This volume provides a frame work for storytelling. Think about the last movie trailer you saw. With a short bit of image and words the makers had to tell you about the movie and make you want to see it. If they can learn to boil a two-hour film into a 1 minute trailer packing a punch that makes you want to pay to go to the theater, then we can use these techniques to sell our information to patients and others.

The first component of the framework is a word. What is your message in a single word? This sounds easy, but I found this the trickiest part of the technique. I actually did this part of the exercise last. For an example, I used this structure to review this book. The obvious words include communication, connection, and story. After crafting the rest of the framework, I picked influence. The real goal here goes beyond merely transmitting information; we want to drive people to action, be it changing their health habits or accepting the reality of evolution. Others may pick a somewhat different word, but I stand by my choice.

The second component requires creating a sentence, using the construct “and, but, and therefore (ABT).” For Connection, I created this:

Scientists know a lot of facts that can help people and they need to educate the public, but they often have trouble getting their message understood, accepted, and remembered; therefore, they need to read this book to turn facts and figures into stories that compel behavior changes.

Finally, a more detailed paragraph can be constructed using a logline technique. All story narratives can be boiled down to 9 steps:

  1. In an ordinary world
  2. A flawed hero gets life upended when
  3. A catalytic even happens
  4. After taking stock
  5. The hero commits to action
  6. The stakes get raised
  7. The hero must learn the lesson
  8. To stop the antagonist
  9. So the hero can achieve their goal

Dorie Barton deconstructs Star Wars using this technique. You can fit any story into this structure, even documentaries. I have summarized Randy Olson’s biography using this technique:

A scientist wonders why students accept things they see in movies as reality, even when shown evidence that these things are wrong in the real world. He gets his life upended when he heads to film school to figure out why movies have more impact than scientific fact. After some course work, he realizes that humans are hard-wired for stories, especially those with emotional impact. He begins making films with classic narrative structure. Soon he realizes that all academics need these skills, and all of them cannot go to film school. Alone he cannot give them the skills they need to get their messages heard and remembered. In order to spread the word, he teams up with others who do script writing and acting. They start workshops to teach these storytelling skills. Then they write a book so more scholars learn to get their message out there the right way, the way that will influence people.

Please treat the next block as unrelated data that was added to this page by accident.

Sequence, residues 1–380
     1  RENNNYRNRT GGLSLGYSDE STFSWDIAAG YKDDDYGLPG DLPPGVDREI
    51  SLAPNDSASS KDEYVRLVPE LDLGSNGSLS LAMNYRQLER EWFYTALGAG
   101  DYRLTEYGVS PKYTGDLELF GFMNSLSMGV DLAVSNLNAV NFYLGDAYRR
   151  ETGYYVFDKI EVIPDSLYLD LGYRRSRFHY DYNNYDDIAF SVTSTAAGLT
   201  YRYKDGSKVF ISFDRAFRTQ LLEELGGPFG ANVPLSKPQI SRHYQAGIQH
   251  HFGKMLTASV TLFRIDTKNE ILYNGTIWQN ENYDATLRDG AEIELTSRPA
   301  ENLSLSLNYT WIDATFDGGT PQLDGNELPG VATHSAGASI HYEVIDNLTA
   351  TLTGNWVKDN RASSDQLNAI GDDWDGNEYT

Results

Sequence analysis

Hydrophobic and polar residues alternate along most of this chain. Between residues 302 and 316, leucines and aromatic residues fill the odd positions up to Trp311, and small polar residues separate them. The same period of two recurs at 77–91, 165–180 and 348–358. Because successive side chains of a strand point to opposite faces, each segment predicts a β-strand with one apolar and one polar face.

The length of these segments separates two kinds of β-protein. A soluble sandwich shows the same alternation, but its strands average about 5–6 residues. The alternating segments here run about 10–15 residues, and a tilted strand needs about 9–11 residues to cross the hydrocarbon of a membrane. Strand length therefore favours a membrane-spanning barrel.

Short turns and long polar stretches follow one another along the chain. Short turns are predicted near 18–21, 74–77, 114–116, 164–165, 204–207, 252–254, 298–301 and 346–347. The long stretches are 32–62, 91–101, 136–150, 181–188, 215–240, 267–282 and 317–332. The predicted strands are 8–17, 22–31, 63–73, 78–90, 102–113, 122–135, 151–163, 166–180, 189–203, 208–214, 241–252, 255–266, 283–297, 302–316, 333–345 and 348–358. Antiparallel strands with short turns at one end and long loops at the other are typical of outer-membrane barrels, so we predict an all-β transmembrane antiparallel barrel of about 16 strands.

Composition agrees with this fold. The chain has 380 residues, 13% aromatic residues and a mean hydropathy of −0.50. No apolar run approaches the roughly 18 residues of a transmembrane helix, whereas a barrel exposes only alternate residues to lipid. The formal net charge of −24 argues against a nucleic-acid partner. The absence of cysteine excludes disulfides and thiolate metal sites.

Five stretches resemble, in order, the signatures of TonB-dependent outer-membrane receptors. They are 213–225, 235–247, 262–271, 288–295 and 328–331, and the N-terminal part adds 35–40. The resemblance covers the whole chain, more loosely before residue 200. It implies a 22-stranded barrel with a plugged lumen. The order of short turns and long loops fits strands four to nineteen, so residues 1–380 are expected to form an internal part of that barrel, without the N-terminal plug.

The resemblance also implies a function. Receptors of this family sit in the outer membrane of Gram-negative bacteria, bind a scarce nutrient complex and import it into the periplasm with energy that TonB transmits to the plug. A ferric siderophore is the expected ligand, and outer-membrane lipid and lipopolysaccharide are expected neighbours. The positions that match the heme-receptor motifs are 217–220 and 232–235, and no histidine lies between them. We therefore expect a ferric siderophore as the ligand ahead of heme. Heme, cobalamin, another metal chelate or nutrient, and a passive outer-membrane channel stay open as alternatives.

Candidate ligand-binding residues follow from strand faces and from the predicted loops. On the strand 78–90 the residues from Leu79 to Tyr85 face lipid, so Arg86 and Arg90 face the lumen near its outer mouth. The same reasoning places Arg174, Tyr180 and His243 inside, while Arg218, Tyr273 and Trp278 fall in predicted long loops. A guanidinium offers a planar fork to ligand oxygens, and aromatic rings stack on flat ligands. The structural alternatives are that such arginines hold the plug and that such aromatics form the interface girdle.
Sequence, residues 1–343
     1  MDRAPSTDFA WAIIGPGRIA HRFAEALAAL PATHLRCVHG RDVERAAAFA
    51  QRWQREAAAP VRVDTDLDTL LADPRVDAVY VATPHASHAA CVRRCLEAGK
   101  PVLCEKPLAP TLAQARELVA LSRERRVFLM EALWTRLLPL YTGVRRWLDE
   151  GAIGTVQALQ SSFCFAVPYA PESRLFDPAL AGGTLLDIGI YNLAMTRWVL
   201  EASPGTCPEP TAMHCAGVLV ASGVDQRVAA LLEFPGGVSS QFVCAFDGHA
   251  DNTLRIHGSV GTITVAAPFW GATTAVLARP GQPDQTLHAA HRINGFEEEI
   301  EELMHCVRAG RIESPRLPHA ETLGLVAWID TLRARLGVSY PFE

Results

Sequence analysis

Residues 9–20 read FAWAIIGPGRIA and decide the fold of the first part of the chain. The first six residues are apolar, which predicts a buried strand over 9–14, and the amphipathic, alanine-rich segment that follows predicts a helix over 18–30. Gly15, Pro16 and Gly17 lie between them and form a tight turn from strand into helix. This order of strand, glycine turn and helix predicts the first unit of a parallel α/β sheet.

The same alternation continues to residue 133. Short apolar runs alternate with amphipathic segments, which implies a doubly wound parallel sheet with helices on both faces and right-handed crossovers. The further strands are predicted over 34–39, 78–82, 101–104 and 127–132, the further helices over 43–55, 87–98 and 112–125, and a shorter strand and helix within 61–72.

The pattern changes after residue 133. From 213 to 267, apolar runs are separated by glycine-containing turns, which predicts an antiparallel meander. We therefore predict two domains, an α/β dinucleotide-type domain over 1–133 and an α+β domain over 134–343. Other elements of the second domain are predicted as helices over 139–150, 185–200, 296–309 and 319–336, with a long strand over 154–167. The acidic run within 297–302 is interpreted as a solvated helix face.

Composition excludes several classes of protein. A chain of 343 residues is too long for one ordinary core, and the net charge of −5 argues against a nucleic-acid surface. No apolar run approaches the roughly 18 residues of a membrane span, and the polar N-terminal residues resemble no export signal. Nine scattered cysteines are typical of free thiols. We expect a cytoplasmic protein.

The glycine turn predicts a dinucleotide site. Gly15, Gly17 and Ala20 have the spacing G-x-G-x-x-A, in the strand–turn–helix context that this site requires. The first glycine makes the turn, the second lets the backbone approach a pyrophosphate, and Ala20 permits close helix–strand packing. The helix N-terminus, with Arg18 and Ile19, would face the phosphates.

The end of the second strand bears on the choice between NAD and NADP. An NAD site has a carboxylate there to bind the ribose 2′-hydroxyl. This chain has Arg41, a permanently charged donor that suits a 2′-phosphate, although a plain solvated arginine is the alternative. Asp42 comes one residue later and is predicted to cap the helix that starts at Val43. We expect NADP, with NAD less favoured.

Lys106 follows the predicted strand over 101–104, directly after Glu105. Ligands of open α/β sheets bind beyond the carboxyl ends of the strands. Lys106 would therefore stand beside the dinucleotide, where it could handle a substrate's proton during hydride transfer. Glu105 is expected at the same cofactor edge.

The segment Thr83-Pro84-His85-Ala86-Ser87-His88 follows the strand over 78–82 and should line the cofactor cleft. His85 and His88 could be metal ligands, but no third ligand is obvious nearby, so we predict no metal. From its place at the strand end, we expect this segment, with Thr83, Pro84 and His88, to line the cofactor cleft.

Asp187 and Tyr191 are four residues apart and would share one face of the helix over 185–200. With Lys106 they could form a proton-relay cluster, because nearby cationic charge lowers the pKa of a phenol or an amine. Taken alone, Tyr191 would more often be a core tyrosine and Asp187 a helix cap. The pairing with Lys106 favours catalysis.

In addition to these models (Word-Sentence-Paragraph; And-But-Therefore; and the Logline), the live workshops put on by the group feature some improvisation exercises and actual storytelling. Brian Palermo acts and performs stand-up comedy; he gets to be “the fun instructor” in this group. I would love to participate in one of these live events, but for now I have settled for the book and the apps. Oh, yes, there are apps for Android and iOS devices that let you fill out these templates and then email your results. This work gave me a great starting draft for the material above.

Humans are wired for stories. We remember the narrative events and the emotional reactions to them far more readily than a series of facts. These techniques may help us have more impact in clinics and classrooms if we adapt them.